Language Note: For the convenience of Western readers, I will keep the use of Chinese names and terms to a minimum, and use Western-style dates rather then getting all wrapped up in dynastic progression, etc. Likewise, the use of place-names will be minimized. Those who want to know more are encouraged to do their own Googling. The Chinese names of the major secret societies are given. I hope purists and quibblers will forgive me if I happen to mix Pinyin, Wade-Giles, or other transliteration systems. And sorry but I’m not even going to bother with the accent marks. You get whatcha pay for, folks.


One more thing. This is a Benjamin-Fulford-free zone. The man is a not-unintelligent guy who knows enough about Asia to turn a quick buck on the conspiracy gravytrain tossing around random names and the right types of garbled bits of nonsense. He has his own little hustle going, but he is ultimately a carnival barker. For me, this is a labor of love, and of truth, offered freely to all comers. Let’s deal in fact, insomuch as we can. Life’s simply more interesting that way.
edit on 5/10/11 by silent thunder because: (no reason given)




posted on May, 10 2011 @ 02:02 AM
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PART I. THE BIG PICTURE

The farther back one goes in history, the harder it is to say anything for sure about any given event. Natural distortions blend with myth and we are lost, tumbling end-over-end. Yet more documentation exists for ancient China than any other culture I can think of. Their long history of literacy and careful record-keeping provides a powerful telescope to the past. It doesn’t give us certainty, but it gives us wonderful detail.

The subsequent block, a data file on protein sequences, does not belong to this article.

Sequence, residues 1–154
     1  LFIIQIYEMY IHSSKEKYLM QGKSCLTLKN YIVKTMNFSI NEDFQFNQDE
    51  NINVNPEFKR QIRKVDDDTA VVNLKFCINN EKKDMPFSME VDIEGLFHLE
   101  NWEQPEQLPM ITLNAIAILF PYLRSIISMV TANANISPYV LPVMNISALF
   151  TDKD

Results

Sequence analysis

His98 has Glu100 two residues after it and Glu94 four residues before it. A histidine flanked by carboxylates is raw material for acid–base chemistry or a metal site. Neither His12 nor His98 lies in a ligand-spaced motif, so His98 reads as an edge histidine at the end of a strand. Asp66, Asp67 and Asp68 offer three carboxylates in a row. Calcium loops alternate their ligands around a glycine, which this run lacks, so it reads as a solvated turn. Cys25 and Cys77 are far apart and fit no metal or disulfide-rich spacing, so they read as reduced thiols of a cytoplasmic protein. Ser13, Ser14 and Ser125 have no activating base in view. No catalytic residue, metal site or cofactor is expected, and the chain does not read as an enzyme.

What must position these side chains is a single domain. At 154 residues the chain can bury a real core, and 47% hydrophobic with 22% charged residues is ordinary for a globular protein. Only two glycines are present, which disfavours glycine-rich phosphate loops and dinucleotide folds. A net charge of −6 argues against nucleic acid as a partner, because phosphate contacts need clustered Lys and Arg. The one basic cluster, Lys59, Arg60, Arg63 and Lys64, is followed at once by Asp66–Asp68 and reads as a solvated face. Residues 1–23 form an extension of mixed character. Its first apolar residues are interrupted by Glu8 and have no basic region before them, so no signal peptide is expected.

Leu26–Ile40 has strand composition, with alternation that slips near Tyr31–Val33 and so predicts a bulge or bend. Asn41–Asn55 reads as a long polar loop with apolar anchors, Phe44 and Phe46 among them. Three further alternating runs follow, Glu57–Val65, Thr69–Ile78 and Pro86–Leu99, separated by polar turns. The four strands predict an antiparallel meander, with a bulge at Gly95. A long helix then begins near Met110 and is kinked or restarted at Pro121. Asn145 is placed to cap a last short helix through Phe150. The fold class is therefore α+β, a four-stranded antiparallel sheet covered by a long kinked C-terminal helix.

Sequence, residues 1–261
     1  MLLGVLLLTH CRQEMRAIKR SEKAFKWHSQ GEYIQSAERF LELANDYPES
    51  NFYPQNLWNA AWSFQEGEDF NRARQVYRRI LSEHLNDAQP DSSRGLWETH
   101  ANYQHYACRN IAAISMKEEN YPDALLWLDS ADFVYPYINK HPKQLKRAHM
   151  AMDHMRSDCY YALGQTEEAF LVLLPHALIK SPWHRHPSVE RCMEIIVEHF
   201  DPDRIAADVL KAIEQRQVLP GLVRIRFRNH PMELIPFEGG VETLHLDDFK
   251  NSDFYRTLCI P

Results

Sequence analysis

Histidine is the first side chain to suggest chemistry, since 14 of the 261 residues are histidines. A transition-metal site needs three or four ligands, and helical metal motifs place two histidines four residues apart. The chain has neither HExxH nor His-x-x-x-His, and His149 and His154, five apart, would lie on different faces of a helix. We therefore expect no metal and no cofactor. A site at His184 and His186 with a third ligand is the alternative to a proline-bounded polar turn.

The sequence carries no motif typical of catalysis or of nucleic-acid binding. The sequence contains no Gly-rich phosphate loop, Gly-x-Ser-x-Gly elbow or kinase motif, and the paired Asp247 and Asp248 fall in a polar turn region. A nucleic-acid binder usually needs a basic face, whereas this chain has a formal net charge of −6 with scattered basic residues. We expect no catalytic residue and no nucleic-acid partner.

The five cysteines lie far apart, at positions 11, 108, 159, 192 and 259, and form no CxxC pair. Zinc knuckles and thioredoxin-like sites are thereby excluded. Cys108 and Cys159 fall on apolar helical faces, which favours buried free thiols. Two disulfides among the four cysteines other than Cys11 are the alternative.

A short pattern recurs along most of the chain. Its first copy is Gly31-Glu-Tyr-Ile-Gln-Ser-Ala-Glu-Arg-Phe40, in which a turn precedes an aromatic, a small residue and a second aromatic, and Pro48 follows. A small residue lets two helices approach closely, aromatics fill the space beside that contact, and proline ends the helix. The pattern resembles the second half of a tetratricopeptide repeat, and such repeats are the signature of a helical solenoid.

Origins of the secret societies

As long ago as the Zhou dynasty (started 1027 BC), there is evidence of tension between merchants and the government. This tension was to ebb and flow in fits and starts over the next millennium. As civilization gradually become more complex, money and trade assumed more importance, eclipsing the priorities of an earlier age in which raw force had held all the cards. The military and government, feeling their power ebbing, made trade with the world outside China illegal, and put extreme regulations on internal trade, hoping to curtail the wealth and influence of the traders. This new illegality made rare goods from abroad all the more valuable, and trade all the more enticing. But since it was illegal, trade demanded secrecy. Secrecy, of course, is the primary essential element of all secret societies, Chinese or otherwise.